By: Wendy Tate, PSM, CIP
In my world, January is metric month.
I spent last month analyzing data from the 2010 calendar year, calculating statistics, and overlaying the information with our workflow. The result: glowing data that shows we have improved our process since last year (insert cheer here).
Inevitably, when I present this data, I will get asked the following question by my director, the VP for research, my staff, and researchers: “How do we compare to our peer institutions?” My response is always, “Great question.”
As I learned at the 2010 Advancing Ethical Research Conference, many institutions are also trying to determine how their metrics compare to those of their peers. While every human research protections program (HRPP) is interested in the same information, such as how long it takes to approve a project or how many submissions a program receives, each institution has its own way of calculating this information. It’s therefore difficult to make direct comparisons among institutions.
For instance, is the approval date the day that the IRB approved the protocol, or the date that all the conditions were met? Do you use calendar days or business days? Do you include all days, or do you exclude days that information was pending from the investigator?
I attended many quality assurance and metric sessions at the 2010 AER Conference, and met lots of people interested in quantitatively calculating success and identifying bottlenecks. During the conference, representatives from institutions that review their own research expressed frustration with metrics, as did larger organizations such as Accreditation of Human Research Protection Programs (AAHRPP) and Western IRB. It seems that everyone is waiting for nationally accepted standards, and instructions on how to calculate them.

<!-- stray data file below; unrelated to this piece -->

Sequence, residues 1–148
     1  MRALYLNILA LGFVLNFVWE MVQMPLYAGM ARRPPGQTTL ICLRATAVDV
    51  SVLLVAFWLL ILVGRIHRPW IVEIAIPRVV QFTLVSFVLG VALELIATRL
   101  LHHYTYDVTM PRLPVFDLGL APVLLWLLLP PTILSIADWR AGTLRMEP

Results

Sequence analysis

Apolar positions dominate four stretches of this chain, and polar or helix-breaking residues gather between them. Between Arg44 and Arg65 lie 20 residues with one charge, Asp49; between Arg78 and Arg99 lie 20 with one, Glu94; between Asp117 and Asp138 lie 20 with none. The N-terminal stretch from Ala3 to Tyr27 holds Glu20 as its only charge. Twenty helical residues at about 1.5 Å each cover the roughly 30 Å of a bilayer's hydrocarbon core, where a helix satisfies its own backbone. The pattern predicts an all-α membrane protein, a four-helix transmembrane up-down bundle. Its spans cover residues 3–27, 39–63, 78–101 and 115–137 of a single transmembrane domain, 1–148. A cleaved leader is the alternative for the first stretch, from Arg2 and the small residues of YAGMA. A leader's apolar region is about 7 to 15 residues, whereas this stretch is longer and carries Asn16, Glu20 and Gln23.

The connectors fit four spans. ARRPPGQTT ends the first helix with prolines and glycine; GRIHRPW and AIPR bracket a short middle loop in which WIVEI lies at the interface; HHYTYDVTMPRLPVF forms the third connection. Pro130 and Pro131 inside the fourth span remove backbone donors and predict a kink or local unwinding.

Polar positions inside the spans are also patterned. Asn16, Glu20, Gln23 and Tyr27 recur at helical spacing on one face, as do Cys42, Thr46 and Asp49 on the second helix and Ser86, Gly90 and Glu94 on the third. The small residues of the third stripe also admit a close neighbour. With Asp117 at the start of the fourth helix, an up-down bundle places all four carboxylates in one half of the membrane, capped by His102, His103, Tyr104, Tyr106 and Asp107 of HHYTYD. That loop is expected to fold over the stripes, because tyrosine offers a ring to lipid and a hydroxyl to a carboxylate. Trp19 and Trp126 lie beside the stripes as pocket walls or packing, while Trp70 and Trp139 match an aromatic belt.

Without robust quantitative information, it is difficult to do research on the HRPP review process. Do faster review times lead to greater IRB non-compliance with federal regulations? That is hard to answer without standardized data.
Accepted standards and calculation methods would be invaluable to institutions interested not only in comparing how they are doing in the field of regulatory process, but also in identifying colleagues to partner with, as well as best practices that they can apply to their own programs. I plan on scouring other institutions for their HRPP metrics and calling them to discuss their calculations. I will be looking at our data in comparison to the AAHRPP metrics released last year, and to the Western IRB information I received at AER.
I will be posting our metrics on my institution’s website, and am happy to discuss how I calculated these statistics with anyone interested (you can get my contact information here). Using the PRIM&R connection and Ampersand, we can develop these metrics that will only strengthen the scientific data supporting the regulatory review process.
My numbers are better than your numbersTags:
By: Wendy Tate, PSM, CIP